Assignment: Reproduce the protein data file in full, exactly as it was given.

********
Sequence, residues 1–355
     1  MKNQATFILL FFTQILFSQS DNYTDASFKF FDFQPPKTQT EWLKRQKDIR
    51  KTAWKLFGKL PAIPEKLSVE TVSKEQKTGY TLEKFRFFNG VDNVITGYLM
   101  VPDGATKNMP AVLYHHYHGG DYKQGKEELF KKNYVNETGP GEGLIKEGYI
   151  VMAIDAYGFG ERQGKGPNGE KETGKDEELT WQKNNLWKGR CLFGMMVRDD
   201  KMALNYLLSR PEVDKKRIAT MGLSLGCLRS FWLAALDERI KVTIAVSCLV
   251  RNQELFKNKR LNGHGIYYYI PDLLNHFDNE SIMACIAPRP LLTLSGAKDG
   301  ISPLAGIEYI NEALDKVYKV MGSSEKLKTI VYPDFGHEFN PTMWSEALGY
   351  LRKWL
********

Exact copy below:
Sequence, residues 1–355
     1  MKNQATFILL FFTQILFSQS DNYTDASFKF FDFQPPKTQT EWLKRQKDIR
    51  KTAWKLFGKL PAIPEKLSVE TVSKEQKTGY TLEKFRFFNG VDNVITGYLM
   101  VPDGATKNMP AVLYHHYHGG DYKQGKEELF KKNYVNETGP GEGLIKEGYI
   151  VMAIDAYGFG ERQGKGPNGE KETGKDEELT WQKNNLWKGR CLFGMMVRDD
   201  KMALNYLLSR PEVDKKRIAT MGLSLGCLRS FWLAALDERI KVTIAVSCLV
   251  RNQELFKNKR LNGHGIYYYI PDLLNHFDNE SIMACIAPRP LLTLSGAKDG
   301  ISPLAGIEYI NEALDKVYKV MGSSEKLKTI VYPDFGHEFN PTMWSEALGY
   351  LRKWL